Our common humanity

On boarding our flight in Nuuk yesterday morning, we noticed a small face peering through the circular plane window. She was a sweet little girl – most likely two years old – travelling with her mother to Kangerlussuaq.

During take off, the little girl burst into tears. She was terrified of the fast propellers on each side of the small 30-seater aircraft. In her state of fear and distress, I showed her some pictures on my phone and she began to relax. I found out her name was Livi.

Livi is an indigenous person, or ‘Inuit’, of Greenland. She didn’t speak any English (and I can’t speak a word of Greenlandic!), but we ended up playing for over an hour. Livi’s fear completely dissolved once we began playing games.

It’s experiences like this that remind me of our common humanity – the desire we all share to be happy and connected, and live free from fear and suffering. Meeting Livi also reminded me of the reason we are on this trip. Addressing climate change is a responsibility shared by people of all ages and nationalities, and a challenge we can only overcome by working together. Through recognising our shared humanity, we can dissolve cultural barriers and unite to create the kind of world we want to live in.

Because at the end the day, no matter where you come from or what language you speak, we all seek to live safe, happy and free lives – and tackling our climate crisis is fundamental in fulfilling that desire.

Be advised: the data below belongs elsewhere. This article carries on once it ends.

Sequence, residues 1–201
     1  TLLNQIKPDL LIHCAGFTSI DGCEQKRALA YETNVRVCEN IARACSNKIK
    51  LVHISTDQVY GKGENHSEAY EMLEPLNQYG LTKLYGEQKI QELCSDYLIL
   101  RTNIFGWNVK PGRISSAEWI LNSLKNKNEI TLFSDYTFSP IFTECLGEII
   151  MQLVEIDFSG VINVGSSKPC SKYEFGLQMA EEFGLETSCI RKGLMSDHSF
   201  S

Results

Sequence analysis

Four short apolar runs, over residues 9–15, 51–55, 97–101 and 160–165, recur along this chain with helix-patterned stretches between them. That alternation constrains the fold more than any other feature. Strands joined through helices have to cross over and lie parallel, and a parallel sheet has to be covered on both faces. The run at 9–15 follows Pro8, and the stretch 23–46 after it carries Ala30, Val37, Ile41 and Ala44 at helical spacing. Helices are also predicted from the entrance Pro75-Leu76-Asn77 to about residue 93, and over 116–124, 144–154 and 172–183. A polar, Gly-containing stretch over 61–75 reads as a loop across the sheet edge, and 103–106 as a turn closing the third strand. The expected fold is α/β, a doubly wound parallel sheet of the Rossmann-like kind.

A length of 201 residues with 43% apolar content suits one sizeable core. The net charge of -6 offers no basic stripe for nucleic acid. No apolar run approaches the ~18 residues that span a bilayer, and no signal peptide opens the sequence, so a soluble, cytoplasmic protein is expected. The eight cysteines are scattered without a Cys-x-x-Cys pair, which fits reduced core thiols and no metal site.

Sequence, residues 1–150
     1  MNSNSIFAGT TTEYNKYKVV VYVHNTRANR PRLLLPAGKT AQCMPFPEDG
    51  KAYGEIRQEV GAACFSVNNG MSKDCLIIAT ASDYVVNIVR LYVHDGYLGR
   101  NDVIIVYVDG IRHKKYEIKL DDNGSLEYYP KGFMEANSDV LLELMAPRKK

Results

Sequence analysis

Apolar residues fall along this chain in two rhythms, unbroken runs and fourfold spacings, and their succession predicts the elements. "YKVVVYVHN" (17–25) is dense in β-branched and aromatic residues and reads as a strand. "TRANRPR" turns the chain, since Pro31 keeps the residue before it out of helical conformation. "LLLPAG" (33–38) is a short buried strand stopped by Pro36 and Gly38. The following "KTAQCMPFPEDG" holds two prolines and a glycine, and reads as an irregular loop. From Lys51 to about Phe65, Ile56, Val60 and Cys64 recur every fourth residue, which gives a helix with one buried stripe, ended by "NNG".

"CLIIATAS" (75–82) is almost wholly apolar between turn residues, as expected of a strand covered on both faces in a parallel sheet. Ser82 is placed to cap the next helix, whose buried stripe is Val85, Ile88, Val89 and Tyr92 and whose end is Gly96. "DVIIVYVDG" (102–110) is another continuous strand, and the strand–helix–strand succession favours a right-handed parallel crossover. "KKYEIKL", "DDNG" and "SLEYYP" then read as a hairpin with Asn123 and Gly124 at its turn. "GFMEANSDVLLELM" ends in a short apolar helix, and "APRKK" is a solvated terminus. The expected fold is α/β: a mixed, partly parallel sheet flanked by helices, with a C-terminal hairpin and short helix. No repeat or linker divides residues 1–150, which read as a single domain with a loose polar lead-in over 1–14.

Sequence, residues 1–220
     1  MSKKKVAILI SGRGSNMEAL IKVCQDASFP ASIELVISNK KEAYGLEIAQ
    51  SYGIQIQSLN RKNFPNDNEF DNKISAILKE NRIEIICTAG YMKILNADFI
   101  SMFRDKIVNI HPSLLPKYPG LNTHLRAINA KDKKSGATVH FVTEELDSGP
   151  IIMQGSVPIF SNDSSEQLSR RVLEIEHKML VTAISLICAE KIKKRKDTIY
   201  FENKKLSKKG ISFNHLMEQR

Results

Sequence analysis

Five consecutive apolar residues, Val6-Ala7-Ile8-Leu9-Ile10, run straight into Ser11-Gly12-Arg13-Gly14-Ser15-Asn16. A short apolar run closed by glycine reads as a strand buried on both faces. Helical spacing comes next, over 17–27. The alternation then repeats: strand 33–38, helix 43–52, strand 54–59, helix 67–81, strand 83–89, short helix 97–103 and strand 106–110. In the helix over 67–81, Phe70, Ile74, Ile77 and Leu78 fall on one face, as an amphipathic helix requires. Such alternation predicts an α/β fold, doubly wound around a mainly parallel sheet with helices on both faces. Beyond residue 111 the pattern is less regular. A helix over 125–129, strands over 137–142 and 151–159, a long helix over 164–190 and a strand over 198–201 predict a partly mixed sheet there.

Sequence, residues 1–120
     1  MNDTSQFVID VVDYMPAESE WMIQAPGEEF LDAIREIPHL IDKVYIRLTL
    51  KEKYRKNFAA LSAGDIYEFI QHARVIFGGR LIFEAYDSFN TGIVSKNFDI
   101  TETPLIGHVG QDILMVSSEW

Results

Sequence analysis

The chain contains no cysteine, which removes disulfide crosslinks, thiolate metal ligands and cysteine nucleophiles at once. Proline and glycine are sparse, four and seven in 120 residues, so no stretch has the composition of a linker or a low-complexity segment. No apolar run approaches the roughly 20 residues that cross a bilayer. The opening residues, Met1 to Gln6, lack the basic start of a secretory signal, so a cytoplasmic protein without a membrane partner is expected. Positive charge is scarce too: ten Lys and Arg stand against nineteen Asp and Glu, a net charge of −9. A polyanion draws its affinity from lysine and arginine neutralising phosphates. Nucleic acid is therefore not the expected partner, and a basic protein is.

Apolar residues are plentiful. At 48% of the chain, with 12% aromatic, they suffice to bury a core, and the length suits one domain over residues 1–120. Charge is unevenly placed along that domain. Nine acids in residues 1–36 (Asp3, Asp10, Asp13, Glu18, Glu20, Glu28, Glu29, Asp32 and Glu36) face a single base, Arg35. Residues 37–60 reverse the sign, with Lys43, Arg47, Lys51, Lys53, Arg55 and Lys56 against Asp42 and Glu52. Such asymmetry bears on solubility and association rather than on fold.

About the Author Thomas King

mm

Bestselling author, gold medal Olympian and award winning actor; I’m absolutely none of these things! I am, however, a passionate social justice campaigner, animal rights advocate and nature fanatic, and Victoria’s 2015 Young Australian of the Year.

I first became involved in campaigning in 2010 at age 13, when I founded SayNotoPalmOil.com – a site that today informs over half a million consumers annually from more than 200 countries about the impacts of unsustainable palm oil development in South-East Asia. I’ve since held positions within organisations like Oaktree, the Jane Goodall Institute Australia and the youth division of the United Nations as an advocate in environmental preservation, animal protection and poverty eradication.

I’ve been lucky to experience and see some amazing things through my work over the last 6 years. From living with indigenous communities in the heart of the Bornean jungle to establish conservation projects; to leading a campaign that raised 1.6 million dollars to alleviate extreme poverty; I even volunteered as a journalist at the London Olympic Games to report on athletes from developing nations so that their families at home could track their performance.

After graduating high school last year, I was fortunate enough to receive the titles of Victorian Young Australian of the Year and VCE Leader of the Year last year, and I’m now 19 and work as a speaker and campaigner at Animals Australia – Australia’s foremost animal protection organisation. It’s my belief that no matter who you are or what your age, everybody has the ability to create a profound impact.


What do you think?